Des Browne drank tea in a street cafe in the centre of the city
Defence Secretary Des Browne has praised the Iraqi army during a visit to central Basra for its work to crack down on Shia militia.
Mr Browne met stallholders and residents and said the city had been "transformed" by the security forces.
He had an "enormous sense of pride" in what they had achieved with the help of the British, he added.
It is the first time Mr Browne has visited central Basra since UK forces moved to a base outside the city.
He drove into Basra in a mastiff armoured vehicle with soldiers from the 1st Battalion The Royal Regiment of Scotland before spending almost an hour in the downtown area.
He also drank tea in a roadside cafe with Iraqi commander General Mohammed Juwad Huwaidi.
Mr Browne said: "As I walked through Basra's streets today, chatting to local people, it was clear to everyone that Basra is a transformed city.
"I felt an enormous sense of pride in what the Iraqi forces have achieved with our help."
Everywhere there were "signs of a city returning to normality", he said.
"This is my ninth visit to Basra in the past two years and in that time there have been highs and there have been lows. I have seen progress and I have seen that progress stall.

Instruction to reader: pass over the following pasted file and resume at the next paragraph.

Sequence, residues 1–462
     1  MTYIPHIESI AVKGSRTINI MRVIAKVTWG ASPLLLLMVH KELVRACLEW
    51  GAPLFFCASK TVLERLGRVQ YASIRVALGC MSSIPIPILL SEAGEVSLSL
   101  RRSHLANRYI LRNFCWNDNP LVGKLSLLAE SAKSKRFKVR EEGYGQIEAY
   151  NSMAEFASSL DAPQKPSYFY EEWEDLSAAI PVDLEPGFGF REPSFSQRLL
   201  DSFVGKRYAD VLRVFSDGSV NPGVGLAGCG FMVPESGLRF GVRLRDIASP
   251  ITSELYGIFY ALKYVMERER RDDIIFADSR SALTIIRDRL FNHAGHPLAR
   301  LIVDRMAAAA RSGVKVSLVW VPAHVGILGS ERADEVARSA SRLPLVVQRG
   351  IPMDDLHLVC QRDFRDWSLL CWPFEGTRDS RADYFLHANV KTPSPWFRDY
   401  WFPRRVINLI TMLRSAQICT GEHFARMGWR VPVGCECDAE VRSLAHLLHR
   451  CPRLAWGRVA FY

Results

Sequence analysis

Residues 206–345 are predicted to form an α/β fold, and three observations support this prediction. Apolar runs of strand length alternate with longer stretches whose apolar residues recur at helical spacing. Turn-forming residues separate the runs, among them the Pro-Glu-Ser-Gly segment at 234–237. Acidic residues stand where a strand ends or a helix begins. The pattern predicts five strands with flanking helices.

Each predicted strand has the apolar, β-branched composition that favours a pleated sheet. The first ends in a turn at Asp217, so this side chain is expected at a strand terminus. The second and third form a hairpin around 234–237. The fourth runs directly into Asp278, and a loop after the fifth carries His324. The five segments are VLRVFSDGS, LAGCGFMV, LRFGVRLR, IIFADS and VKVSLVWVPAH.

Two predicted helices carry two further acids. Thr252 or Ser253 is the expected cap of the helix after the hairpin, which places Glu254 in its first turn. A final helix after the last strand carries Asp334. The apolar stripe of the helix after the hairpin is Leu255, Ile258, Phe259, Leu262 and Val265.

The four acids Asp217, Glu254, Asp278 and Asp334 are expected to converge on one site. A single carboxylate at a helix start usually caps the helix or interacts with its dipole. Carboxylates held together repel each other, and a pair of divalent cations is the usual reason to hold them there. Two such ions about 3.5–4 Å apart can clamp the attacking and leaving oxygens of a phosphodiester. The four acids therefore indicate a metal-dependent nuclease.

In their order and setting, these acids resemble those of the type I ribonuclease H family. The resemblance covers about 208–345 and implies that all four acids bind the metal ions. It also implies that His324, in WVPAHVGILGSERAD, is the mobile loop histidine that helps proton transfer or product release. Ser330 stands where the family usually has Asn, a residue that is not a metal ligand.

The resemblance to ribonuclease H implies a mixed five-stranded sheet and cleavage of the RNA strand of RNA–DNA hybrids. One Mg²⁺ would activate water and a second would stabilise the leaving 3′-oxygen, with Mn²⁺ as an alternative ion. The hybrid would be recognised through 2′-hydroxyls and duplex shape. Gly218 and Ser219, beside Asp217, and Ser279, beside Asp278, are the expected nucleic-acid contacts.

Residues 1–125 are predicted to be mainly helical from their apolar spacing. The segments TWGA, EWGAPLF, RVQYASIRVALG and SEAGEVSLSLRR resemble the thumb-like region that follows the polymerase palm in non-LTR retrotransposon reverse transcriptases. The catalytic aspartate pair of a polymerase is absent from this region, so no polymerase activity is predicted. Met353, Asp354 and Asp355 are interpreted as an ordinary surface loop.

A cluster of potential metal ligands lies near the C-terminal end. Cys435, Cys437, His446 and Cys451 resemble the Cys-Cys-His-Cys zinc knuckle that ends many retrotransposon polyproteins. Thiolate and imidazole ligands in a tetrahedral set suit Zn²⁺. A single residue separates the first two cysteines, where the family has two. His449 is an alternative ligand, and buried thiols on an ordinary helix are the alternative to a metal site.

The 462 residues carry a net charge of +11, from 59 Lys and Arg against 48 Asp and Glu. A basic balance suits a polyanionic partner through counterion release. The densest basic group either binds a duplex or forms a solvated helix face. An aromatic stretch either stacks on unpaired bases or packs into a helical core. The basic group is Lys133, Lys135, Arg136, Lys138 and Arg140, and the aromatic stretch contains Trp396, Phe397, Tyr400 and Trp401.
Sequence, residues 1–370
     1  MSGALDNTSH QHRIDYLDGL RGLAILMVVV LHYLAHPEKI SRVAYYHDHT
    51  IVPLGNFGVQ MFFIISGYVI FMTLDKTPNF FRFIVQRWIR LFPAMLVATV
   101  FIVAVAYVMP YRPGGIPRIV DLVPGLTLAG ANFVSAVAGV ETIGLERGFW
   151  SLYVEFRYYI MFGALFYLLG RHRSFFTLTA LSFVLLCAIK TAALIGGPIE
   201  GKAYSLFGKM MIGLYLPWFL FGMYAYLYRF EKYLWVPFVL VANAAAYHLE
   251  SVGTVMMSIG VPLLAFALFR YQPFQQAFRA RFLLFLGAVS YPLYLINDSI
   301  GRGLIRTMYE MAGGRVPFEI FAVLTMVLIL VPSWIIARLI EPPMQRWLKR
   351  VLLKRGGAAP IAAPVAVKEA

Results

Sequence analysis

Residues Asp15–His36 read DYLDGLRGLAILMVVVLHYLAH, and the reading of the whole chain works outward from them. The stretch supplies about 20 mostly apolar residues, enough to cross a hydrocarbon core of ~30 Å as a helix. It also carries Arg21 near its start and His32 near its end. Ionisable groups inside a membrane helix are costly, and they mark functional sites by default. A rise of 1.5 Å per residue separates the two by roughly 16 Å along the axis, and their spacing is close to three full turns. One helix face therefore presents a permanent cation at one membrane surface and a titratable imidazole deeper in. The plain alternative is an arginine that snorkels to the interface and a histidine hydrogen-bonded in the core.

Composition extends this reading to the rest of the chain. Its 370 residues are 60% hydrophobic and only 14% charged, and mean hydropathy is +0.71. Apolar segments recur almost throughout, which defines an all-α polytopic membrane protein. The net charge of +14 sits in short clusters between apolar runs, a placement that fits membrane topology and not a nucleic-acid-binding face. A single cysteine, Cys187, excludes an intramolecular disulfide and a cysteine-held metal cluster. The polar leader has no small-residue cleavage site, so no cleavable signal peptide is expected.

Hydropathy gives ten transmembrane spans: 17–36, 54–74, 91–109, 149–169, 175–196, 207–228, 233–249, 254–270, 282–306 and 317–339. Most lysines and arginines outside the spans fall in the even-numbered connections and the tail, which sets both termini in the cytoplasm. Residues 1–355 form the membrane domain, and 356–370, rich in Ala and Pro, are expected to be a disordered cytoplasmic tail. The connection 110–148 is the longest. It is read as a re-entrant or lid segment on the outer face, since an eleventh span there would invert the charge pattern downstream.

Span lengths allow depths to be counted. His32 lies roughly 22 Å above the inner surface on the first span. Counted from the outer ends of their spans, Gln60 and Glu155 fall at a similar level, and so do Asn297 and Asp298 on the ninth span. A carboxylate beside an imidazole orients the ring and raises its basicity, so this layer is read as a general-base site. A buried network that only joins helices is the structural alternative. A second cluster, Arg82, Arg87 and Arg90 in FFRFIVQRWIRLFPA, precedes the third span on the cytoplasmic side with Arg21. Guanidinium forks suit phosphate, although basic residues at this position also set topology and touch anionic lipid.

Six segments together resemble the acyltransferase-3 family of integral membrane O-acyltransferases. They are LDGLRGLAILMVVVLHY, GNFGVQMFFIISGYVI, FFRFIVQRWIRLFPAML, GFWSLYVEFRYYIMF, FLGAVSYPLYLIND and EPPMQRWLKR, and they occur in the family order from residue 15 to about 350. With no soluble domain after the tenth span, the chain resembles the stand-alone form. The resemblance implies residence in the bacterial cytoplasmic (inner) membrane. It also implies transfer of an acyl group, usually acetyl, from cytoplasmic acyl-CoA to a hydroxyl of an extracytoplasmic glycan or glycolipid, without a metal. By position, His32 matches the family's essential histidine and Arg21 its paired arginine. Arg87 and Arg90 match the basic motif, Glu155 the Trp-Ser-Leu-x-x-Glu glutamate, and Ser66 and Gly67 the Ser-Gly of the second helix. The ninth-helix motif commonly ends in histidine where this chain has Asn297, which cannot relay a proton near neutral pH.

"But never have I seen the Iraqi army operating with such confidence and enjoying such support from the local people."
But he also paid tribute to the "hard work" of the British military and said the focus for UK troops now needed to be "consolidating the considerable gains that have been made - through reconstruction, improved governance and economic development".
British troops supported Iraqi security forces during the operation Charge of the Knights which took place earlier this year.
It led to an announcement by authorities in April that control of all parts of the city had been taken from the Mehdi Army militia.
Last month, Mr Browne said British troop numbers in Iraq would only be reduced if "conditions allow".
About 4,000 UK soldiers are serving in Iraq and the plan had been to cut that number at the next rotation in May.
But Mr Browne said that while the situation on the ground was evolving "it remains prudent that we take time to fully consider further reductions".